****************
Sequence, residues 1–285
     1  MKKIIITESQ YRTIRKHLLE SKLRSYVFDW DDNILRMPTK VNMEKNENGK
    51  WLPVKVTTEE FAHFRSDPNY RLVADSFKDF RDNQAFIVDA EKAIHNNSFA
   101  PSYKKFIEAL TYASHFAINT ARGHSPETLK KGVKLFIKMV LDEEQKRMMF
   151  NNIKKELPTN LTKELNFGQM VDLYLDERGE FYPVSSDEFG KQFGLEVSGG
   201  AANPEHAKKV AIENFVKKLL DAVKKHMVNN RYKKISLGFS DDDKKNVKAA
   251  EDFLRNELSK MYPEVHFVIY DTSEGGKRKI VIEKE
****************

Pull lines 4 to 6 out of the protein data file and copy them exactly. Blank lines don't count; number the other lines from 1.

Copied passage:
   101  PSYKKFIEAL TYASHFAINT ARGHSPETLK KGVKLFIKMV LDEEQKRMMF
   151  NNIKKELPTN LTKELNFGQM VDLYLDERGE FYPVSSDEFG KQFGLEVSGG
   201  AANPEHAKKV AIENFVKKLL DAVKKHMVNN RYKKISLGFS DDDKKNVKAA